- JPMorgan hosts conference in London for U.S. companies
- For U.S. borrowers European bond yields look attractive
JPMorgan Chase & Co. is bringing together some of America’s biggest companies with more than 200 investors in its London offices next week.
The timing couldn’t be better for borrowers like American Airlines Group Inc., Cigna Corp., Hilton Worldwide Holdings Inc. and Xerox Corp. The days of easy money will soon start to fade in the U.S. as the Federal Reserve moves closer to lifting interest rates for the first time in almost a decade.
But that’s not the case in Europe where Mario Draghi has committed to expand the European Central Bank’s stimulus if needed. For U.S. companies that means it’s never been this cheap to seek debt in euros relative to borrowing in dollars.
Joshua Feed, a spokesman for American Airlines, declined to comment.
Representatives for Cigna, Hilton and Xerox didn’t immediately respond to calls and e-mails seeking comment.
“Given the supply pressure in the U.S., it makes sense for issuers with funding and hedging needs to diversify cross-border,” said Marc Baigneres, the head of investment-grade debt capital markets for Europe, the Middle East and Africa at JPMorgan. “European investors are quite keen to diversify their portfolio as long as the yield is attractive. There is very little reason not to buy.”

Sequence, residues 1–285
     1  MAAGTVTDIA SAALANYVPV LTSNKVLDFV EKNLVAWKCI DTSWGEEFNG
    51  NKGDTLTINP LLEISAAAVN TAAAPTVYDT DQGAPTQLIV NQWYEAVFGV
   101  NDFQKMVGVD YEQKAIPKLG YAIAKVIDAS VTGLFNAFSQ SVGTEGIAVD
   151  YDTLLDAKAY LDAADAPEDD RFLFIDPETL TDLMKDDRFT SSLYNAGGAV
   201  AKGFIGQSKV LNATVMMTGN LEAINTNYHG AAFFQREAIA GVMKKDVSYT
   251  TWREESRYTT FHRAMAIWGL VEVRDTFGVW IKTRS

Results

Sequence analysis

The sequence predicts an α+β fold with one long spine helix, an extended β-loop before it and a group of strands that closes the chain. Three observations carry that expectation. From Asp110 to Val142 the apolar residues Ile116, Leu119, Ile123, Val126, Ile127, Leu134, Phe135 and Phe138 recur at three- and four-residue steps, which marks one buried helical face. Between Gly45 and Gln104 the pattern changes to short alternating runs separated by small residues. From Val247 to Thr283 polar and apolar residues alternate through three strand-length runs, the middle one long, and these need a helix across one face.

There are several reasons why American companies might be prompted to issue more debt in euros.
U.S. investment-grade companies have already sold more than $975 billion of dollar-bonds this year, on pace to eclipse the record reached in 2014, according to data compiled by Bloomberg. That’s helped push the extra yield investors demand to hold the debt relative to government securities up by 0.38 percentage point this year to 1.67 percentage points, the highest level in more than two years.
And while issuance of euro-denominated bonds from borrowers outside the region has already been booming, yields on the debt remain near record lows. What’s more, Wells Fargo & Co. estimates that European debt buyers have more than 200 billion euros ($225.7 billion) of cash to reinvest because of borrowers recently repaying debt.
Pent-up demand in Europe is “surfacing, and the pipeline of M&A and refinancing deals pending in the U.S. appears seemingly endless,” Wells Fargo strategists led by George Bory wrote in a note to clients on Aug. 28. “Investors should expect heavy issuance.”
One U.S. company has already made its move.
Apple Inc. sold 2 billion euros of debt on Thursday, its second offering in the currency, Bloomberg data show.
“European funding markets still look attractive to U.S. firms in absolute terms,” said Henrietta Pacquement, a portfolio Manager at ECM Asset Management. “I’d expect more paper to come the European market way.”